Table 3

Self-expanding covered stents used in extracranial neurovasculature


Complications associated with covered stents

Immediate complications occurred in 15 of 164 procedures (9.1%). Embolic complications during covered stent placement are due to dissection or rupture and embolization of the atheromatous plaque. Two patients (1.2%) described by May et al.,[ 71 ] and Chang et al.,[ 15 ] suffered embolic strokes, the former during treatment of a pseudoaneurysm post carotid endarterectomy, and the latter for CBS. Six additional patients experienced post-procedural transient ischemic attacks.[ 5 31 ]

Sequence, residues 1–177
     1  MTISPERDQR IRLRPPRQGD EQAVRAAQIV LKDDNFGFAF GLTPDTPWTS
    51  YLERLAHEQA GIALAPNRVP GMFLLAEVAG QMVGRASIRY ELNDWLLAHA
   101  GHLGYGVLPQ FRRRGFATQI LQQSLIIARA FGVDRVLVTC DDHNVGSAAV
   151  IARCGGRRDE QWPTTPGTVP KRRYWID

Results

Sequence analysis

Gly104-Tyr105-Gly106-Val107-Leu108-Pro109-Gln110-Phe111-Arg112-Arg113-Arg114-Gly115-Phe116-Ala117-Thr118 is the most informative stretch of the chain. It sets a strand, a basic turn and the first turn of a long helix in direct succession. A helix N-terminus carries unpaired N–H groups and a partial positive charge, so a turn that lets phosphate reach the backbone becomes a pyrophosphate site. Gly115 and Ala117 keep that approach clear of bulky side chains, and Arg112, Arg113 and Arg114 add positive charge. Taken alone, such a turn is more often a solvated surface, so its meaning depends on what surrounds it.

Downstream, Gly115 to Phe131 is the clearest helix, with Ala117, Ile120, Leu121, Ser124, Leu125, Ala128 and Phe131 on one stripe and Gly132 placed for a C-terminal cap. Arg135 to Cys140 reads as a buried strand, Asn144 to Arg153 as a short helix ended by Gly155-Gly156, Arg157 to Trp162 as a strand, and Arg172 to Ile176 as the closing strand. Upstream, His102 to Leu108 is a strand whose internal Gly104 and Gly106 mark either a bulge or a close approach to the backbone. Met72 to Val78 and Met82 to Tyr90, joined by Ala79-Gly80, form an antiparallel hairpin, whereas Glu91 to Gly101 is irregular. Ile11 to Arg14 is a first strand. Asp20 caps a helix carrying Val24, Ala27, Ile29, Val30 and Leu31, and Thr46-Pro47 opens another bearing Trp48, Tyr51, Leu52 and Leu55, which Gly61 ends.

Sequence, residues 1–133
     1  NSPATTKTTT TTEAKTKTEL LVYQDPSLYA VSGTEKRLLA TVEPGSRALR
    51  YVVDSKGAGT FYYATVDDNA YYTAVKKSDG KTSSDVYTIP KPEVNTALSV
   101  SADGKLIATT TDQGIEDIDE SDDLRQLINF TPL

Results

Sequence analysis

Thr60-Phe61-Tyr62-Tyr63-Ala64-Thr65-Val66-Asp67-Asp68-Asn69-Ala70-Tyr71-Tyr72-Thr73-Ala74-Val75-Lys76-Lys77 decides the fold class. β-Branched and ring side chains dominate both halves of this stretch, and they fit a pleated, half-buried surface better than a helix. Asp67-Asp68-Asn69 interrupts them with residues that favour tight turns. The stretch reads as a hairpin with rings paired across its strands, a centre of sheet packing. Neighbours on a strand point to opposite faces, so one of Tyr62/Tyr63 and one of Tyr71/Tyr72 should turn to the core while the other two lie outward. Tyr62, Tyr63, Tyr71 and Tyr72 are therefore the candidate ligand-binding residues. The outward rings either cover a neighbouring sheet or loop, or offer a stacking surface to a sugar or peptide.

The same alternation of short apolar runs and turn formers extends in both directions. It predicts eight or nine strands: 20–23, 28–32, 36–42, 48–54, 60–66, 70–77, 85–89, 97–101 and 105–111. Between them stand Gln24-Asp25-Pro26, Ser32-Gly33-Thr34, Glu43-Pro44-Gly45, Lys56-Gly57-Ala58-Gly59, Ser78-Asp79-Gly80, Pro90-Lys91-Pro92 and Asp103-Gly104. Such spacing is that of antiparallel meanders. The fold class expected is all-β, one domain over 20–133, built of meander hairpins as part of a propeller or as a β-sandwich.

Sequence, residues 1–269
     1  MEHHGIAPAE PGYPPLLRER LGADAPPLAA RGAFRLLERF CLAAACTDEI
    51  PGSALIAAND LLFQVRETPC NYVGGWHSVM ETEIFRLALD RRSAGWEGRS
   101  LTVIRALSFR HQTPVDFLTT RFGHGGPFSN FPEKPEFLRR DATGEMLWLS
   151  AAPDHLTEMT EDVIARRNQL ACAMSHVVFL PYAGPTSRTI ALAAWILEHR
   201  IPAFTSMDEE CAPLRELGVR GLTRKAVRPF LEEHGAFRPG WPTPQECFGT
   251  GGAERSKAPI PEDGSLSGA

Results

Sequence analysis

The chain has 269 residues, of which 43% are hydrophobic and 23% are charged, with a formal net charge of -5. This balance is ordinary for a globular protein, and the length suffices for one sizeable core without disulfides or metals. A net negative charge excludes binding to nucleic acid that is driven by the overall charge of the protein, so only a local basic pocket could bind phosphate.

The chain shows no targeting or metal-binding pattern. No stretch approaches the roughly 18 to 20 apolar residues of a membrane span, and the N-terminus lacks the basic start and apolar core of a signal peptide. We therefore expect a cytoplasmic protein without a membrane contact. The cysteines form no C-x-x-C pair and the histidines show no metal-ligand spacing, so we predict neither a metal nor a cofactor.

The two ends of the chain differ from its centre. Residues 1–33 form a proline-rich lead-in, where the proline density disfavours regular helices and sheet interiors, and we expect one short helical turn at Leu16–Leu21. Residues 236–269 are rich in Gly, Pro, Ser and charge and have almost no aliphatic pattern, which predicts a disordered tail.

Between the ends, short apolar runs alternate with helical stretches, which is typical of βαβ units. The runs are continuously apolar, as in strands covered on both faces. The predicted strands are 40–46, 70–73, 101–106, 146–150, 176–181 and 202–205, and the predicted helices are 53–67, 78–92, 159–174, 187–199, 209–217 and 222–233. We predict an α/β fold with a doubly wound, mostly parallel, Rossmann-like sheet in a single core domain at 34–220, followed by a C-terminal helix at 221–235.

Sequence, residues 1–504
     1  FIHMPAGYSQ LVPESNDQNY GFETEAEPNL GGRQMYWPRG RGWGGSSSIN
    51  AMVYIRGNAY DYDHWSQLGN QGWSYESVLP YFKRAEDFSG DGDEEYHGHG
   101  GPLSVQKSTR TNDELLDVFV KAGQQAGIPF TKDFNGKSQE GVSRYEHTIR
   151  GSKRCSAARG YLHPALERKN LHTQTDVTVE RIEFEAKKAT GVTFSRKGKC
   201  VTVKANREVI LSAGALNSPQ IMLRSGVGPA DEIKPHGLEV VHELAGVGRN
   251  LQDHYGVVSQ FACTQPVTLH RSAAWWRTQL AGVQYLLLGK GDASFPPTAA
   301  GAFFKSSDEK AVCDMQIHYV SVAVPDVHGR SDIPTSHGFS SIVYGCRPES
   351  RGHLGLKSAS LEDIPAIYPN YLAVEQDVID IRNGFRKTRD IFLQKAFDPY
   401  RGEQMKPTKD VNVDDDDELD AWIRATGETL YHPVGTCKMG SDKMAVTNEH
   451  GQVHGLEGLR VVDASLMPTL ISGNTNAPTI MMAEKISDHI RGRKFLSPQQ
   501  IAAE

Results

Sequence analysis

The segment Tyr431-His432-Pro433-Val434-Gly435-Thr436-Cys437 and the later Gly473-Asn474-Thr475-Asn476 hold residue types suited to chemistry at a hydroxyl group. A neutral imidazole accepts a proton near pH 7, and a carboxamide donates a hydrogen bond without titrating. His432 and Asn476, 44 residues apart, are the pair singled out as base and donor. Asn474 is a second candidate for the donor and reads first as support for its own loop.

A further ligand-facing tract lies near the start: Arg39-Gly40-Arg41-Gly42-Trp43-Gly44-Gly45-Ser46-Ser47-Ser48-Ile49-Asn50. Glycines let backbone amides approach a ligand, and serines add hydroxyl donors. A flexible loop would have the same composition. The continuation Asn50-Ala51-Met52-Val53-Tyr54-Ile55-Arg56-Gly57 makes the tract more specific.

Dissections were encountered in three cases (1.8%).[ 28 45 83 ] Duane et al.,[ 8 ] reported an ICA dissection during covered stent placement for the treatment of a traumatic pseudoaneurysm. The patient was maintained on anticoagulation therapy, because endovascular treatment was delayed in order to allow healing of the operative site; however, at follow-up the stent was thrombosed. Priestley et al.,[ 83 ] reported a VA dissection during treatment for an AVF that resolved spontaneously by six months. Hoppe et al.,[ 45 ] reported a dissection of the CCA in a patient being treated for CBS. The dissection was treated with two bare self-expanding Nitinol stents and a follow-up angiography demonstrated normal luminal integrity.